In part one of the Cloth Diapers series, I talked about the “ew” factor (how cloth diapering is not as dirty and gross as people think). This week’s post is about the different types of cloth diapers available today.
Ah the complicated world of the modern cloth diaper. Flat diapers? Prefolds? Pocket diapers? All-in-one’s? It’s enough to make your head spin. If you know that you want to use cloth diapers with your little one, but are unsure of what kind you want to try, take a look below.
When you picture the cloth diapers of the past, a flat diaper is what you are thinking of. This involves using a square piece of cotton gauze that is folded and then pinned before a waterproof cover is worn. This is not a very popular option these days, but this remains the most cost-effective cloth diapering system.
In 2011, dirtydiaperlaundry.com had a one week challenge for parents to hand wash flat diapers in order to raise awareness of this affordable method or cloth diapering. When the challenge was over, the participants (400) completed a survey on the practicality of using flat diapers out of (cost) necessity. Surprisingly, most people said that flat diapers were practical, though the hand washing part of the experiment was not something they wanted to continue to do after the challenge.
Prefold diapers are a little like flat diapers but the woven square is not the same thickness throughout. Instead, the middle 1/3 of the square is thicker than the side thirds. The thickness varies from 2x4x2 to 4x8x4. The thicker the middle panel, the more absorbent it is. With a prefold, you must still use a waterproof cover. A great company that makes prefolds is Bummis.
This is what I wanted originally because of the positive reviews I read, and the ridiculously cheap price (so much cheaper than pocket or all-in-one diapers). I am not sure how prefolds hold up to leaks in general. However, I would love to know if anyone else has tried this type of diaper on their little one, and what they thought of them.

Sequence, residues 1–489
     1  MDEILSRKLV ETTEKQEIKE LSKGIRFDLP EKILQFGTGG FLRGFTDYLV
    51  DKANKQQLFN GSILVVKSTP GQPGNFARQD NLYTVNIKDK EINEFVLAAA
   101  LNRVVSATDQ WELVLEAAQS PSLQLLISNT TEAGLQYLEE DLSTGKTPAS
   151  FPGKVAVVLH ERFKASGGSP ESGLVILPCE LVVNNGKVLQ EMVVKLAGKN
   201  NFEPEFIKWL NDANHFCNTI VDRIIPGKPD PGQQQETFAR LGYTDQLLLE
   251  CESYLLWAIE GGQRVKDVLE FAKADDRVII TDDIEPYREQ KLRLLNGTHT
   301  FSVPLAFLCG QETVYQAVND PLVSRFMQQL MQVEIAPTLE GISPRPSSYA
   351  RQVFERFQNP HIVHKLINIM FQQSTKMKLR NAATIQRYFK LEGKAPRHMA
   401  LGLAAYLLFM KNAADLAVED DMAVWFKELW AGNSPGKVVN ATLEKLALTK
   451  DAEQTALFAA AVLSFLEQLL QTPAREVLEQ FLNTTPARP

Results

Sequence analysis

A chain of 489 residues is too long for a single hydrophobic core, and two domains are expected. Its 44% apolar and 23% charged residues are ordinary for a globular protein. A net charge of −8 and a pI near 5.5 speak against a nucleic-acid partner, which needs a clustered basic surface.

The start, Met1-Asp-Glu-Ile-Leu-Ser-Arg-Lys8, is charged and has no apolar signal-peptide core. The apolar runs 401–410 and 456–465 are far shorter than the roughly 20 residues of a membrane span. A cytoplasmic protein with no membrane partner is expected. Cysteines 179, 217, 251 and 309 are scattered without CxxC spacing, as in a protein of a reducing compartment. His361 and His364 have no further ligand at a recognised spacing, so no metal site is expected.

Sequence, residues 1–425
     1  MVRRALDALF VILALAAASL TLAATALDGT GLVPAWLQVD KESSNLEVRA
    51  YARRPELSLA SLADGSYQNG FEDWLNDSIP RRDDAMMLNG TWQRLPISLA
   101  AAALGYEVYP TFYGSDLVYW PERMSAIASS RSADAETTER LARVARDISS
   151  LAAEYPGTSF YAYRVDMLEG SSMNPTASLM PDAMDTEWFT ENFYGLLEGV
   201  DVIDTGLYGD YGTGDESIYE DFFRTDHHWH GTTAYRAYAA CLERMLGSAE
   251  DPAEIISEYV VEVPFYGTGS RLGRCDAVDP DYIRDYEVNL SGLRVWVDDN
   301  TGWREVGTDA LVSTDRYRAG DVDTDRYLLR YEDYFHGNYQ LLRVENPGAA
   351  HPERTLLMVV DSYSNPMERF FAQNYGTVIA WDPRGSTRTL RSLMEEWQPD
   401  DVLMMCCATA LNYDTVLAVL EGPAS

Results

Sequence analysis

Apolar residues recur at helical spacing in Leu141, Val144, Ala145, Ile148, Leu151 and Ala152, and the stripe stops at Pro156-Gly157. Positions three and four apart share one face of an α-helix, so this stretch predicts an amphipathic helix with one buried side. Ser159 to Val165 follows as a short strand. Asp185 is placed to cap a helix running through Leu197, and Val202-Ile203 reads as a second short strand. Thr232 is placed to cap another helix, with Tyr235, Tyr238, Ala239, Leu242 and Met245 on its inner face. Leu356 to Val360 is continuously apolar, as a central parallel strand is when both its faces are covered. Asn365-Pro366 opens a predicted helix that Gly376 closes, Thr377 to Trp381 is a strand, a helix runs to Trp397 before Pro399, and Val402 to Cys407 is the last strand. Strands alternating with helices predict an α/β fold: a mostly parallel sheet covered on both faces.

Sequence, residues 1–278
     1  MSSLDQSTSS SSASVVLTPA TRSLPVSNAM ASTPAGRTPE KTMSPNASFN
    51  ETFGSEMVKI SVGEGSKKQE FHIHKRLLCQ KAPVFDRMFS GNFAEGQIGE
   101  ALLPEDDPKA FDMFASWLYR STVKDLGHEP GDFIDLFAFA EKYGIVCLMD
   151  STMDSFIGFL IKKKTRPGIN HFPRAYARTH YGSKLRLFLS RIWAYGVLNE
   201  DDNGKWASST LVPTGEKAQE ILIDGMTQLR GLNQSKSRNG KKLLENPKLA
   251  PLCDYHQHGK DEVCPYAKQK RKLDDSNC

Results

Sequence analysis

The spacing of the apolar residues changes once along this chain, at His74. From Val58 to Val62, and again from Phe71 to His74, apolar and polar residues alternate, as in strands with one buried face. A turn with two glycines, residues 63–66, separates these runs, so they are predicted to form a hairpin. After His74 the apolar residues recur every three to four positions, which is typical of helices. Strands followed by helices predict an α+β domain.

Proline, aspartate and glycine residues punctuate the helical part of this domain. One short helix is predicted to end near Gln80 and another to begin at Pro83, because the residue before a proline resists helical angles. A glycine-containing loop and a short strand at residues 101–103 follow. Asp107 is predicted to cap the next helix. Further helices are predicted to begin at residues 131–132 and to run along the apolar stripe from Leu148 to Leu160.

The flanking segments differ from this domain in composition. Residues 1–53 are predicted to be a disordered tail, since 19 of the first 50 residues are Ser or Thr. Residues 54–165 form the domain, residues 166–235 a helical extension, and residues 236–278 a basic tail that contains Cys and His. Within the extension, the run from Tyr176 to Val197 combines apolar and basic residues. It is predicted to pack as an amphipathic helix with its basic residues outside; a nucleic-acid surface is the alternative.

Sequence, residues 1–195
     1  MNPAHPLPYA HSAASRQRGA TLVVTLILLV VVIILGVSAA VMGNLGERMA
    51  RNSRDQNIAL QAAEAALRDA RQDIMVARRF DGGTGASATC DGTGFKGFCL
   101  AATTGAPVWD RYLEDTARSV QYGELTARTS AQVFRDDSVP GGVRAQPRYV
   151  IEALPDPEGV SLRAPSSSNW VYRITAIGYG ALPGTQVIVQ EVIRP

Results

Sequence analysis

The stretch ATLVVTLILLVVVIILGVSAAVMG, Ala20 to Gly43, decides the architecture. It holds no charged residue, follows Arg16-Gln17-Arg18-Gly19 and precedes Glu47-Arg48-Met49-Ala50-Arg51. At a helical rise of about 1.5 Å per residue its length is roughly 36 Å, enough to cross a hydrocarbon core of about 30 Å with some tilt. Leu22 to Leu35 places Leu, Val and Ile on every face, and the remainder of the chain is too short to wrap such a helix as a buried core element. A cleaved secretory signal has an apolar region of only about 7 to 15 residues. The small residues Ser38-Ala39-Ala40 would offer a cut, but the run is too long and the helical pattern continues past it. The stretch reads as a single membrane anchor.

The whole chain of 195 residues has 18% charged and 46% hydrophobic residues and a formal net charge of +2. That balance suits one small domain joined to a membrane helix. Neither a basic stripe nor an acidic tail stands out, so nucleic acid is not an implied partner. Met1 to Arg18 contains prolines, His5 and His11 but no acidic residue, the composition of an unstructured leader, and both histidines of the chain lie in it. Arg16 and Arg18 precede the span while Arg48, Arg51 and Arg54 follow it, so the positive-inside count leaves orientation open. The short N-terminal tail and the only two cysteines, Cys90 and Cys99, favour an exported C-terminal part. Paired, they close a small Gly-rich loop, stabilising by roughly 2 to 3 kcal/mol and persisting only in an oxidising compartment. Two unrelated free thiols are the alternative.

Pocket diapers are what we use for Little Man. There is a waterproof outer layer with snaps or velcro for fastening and an absorbent inner layer of fabric. The inner fabric includes a pocket that can be stuffed with extra absorbent pads. This is one of the more popular styles because you can vary the absorbency by adding or removing inserts, and the diaper itself has a snug, contour shape.
Little Man’s uses Canadian company Applecheeks, which we have really liked so far. Like a lot of parents, we had to play around with the fit when Little Man was very young. He woke up wet a lot until we found which snaps to use on the diaper cover (there are two rows of snaps on our allowing you to make a tighter fit near the leg and a looser fit near the belly). Although they were not as cheap as the Bummis prefolds I originally wanted, I am really happy with pocket diapers.
All-In-One Diapers (AIO)
If you want to use a diaper without any extra work, then all-in-one diapers are what you need. They have all of the features of disposable diapers, with the added benefit of being eco friendly. No stuffing pockets or folding fabric necessary here. If you are interested in AIO diapers, take a look at BumGenius.
Pricewise this is the Ferrari of cloth diapers. You will not have to get dirty removing wet/soiled liners, but you will pay a premium for that privilege. For me, personally, I am willing to do a little more work to save a little cash. If anyone has used or is currently using AIO cloth diapers, I would love to see a review.
With the many different types of cloth diapers, it can seem overwhelming to make a decision. Add to this that cloth diapers now come in a wide variety of bright colours and funky fabric. Really it just comes down to what is more practical for you. Do you want to save the money and go with the prefold or is your time at a premium making the AIO a better choice? Ultimately it is up to you. One thing is for certain, cloth diapers will save you money (and the environment) in the long run.
If you have a favourite type or brand of cloth diaper, I would love to hear about it. Feel free to leave your comments below.